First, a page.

Surgeons Create Functional Artificial Pancreatic Tissue

This press release is an announcement submitted by American College of Surgeons (ACS), and was not written by Diabetes Health.

Surgeons from Massachusetts General Hospital, Boston, are reporting on a whole new strategy for controlling insulin dependent diabetes without daily injections of insulin. The surgeons have bio-engineered a novel matrix that serves as a scaffold for seeding supportive stem cells as well as pancreatic islets....

Oct 30, 2010

In a proof-of-concept study presented at the 2010 Annual Clinical Congress of the American College of Surgeons, the researchers note that the matrix not only helps to understand the micro-architecture of the pancreas, but also prolongs the survival and preserves the function of the islets. Islets survived longer in the bio-artificial matrix than in conventional transplantation sites, and they produced significantly more insulin when challenged with glucose.

According to Claudius Conrad, MD, PhD, primary investigator and chief resident in surgery at Massachusetts General Hospital, "Islet cell transplantation is the only treatment of insulin dependent diabetes that can consistently establish insulin independence. However, islets only feel at home in the pancreatic niche, and therefore their survival and ability to produce insulin declines rapidly if transplanted, for example, in the liver... The pancreas provides a very special environment for islets... By default, the survival and function of the islet cells will always be worse in any organ other than the pancreas. To engineer an endocrine pancreas, islet and stem cells require an extracellular matrix (ECM) that provides specific architecture, microstructure, and most importantly microvasculature to form the islet cell specific niche."

Dr. Conrad and his colleagues explained that they are attempting to form a cellular structure that mimics the natural resting place on which the islets thrive. "We are trying to improve the survival and the functionality of the islets by creating their pancreas specific niche." 

The matrix was formed by removing cells from pancreatic tissue with biological detergents so only the proteins that hold the cells together were left. The resulting matrix was seeded with donor islet cells and supportive stem cells, and the entire construct was successfully transplanted and maintained in a recipient animal model using microsurgical techniques.

Dr. Conrad believes that, although the research is still at an early stage, a clinical trial of in patients with insulin dependent diabetes is likely in the near future. "The difficult aspects of the concept, such as decellularizing the pancreas by means of detergents, subsequent cellular seeding, and transplantation, have been worked out. I am very excited about the prospect of bioengineering an endocrine pancreas that could cure patients with insulin dependent diabetes. I think we are very close to the clinical application of this entirely novel concept," he said.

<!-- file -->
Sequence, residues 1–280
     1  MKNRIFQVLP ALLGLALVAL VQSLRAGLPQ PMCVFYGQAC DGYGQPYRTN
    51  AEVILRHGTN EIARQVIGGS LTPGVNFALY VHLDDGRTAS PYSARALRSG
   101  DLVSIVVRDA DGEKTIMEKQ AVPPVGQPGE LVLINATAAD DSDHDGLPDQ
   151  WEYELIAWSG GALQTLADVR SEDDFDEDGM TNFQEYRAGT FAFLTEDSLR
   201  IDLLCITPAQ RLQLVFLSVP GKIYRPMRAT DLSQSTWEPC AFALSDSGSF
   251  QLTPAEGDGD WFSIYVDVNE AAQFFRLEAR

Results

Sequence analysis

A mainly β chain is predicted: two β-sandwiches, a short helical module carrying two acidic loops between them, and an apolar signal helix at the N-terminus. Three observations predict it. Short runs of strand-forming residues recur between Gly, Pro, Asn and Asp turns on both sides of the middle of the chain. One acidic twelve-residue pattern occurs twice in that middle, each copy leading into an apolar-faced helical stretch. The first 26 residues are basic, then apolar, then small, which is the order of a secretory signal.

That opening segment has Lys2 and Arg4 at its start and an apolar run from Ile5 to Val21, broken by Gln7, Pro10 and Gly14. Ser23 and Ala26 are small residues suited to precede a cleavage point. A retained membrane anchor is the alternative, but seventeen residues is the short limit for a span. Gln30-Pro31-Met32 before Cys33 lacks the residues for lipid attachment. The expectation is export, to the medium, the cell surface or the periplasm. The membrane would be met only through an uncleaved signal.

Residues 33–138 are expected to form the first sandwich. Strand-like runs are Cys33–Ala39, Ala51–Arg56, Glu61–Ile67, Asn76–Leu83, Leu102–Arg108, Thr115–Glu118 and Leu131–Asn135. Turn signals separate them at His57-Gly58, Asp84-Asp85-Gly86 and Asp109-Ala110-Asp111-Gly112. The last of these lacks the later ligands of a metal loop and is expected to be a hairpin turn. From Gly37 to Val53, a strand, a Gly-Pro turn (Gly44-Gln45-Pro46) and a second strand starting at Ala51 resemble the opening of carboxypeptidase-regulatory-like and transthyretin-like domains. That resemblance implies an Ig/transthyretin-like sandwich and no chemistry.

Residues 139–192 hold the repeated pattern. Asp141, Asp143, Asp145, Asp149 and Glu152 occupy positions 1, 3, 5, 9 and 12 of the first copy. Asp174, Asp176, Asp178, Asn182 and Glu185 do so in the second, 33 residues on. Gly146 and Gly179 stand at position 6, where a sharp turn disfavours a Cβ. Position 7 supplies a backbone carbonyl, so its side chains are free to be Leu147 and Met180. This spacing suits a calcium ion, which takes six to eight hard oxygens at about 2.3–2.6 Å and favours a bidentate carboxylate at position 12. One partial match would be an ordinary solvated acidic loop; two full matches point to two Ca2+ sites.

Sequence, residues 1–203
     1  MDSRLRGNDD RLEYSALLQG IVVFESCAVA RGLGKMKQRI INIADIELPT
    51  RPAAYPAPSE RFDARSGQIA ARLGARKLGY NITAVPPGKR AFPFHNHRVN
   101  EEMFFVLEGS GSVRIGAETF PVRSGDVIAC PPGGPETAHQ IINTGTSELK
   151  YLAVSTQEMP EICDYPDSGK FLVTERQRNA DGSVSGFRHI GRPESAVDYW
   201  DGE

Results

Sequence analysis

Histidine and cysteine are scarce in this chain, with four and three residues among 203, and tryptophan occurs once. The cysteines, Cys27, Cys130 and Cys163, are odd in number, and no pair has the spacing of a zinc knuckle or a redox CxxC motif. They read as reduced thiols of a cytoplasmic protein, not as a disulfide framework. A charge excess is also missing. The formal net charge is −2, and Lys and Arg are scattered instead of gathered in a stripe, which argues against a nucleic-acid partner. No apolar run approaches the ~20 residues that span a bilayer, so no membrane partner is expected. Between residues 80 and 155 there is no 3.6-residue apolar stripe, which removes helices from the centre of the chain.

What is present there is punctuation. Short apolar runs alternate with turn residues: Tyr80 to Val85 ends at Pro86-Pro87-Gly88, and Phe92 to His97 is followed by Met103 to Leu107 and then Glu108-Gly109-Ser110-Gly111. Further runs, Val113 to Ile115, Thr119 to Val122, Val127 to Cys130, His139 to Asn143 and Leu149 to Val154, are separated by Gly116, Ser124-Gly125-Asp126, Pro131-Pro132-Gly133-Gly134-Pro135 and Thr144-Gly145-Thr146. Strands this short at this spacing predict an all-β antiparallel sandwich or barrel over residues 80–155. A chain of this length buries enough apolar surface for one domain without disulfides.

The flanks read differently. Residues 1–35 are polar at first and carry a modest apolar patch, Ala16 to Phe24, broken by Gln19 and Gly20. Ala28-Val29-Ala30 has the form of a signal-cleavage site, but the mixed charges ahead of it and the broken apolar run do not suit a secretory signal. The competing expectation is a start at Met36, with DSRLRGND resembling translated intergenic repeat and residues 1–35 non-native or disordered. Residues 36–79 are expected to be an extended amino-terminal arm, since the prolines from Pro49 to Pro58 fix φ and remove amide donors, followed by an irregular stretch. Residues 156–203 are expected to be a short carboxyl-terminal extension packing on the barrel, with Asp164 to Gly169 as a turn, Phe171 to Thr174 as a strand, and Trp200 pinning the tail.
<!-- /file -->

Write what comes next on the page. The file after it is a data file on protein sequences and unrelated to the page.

* * *

Source: American College of Surgeons (ACS) press release

Click Here To View Or Post Comments

Categories: Artificial Pancreas, Diabetes, Diabetes, Endocrinology, Insulin, Medications Research, Research, Type 1 Issues

Take the Diabetes Health Pump Survey
See What's Inside
Read this FREE issue now
For healthcare professionals only
  • 12th Annual Product Reference Guide
  • Insulin Syringe Chart
  • Insulin Pen Needles Chart
  • Fast-Acting Glucose
  • Sharps Disposal
  • Blood Glucose Meters Chart
  • Insulin Pumps Chart
See the entire table of contents here!

You can view the current or previous issues of Diabetes Health online, in their entirety, anytime you want.
Click Here To View

See if you qualify for our free healthcare professional magazines. Click here to start your application for Pre-Diabetes Health, Diabetes Health Pharmacist and Diabetes Health Professional.

Learn More About the Professional Subscription

Free Diabetes Health e-Newsletter

Top Rated
Print | Email | Share | Comments (0)

You May Also Be Interested In...


Add your comments about this article below. You can add comments as a registered user or anonymously. If you choose to post anonymously your comments will be sent to our moderator for approval before they appear on this page. If you choose to post as a registered user your comments will appear instantly.

When voicing your views via the comment feature, please respect the Diabetes Health community by refraining from comments that could be considered offensive to other people. Diabetes Health reserves the right to remove comments when necessary to maintain the cordial voice of the diabetes community.

For your privacy and protection, we ask that you do not include personal details such as address or telephone number in any comments posted.

Don't have your Diabetes Health Username? Register now and add your comments to all our content.

Have Your Say...

Username: Password:
©1991-2015 Diabetes Health | Home | Privacy | Press | Advertising | Help | Contact Us | Donate | Sitemap

Diabetes Health Medical Disclaimer

The information on this site is not intended or implied to be a substitute for professional medical advice, diagnosis or treatment. All content, including text, graphics, images, and information, contained on or available through this website is for general information purposes only. Opinions expressed here are the opinions of writers, contributors, and commentators, and are not necessarily those of Diabetes Health. Never disregard professional medical advice or delay seeking medical treatment because of something you have read on or accessed through this website.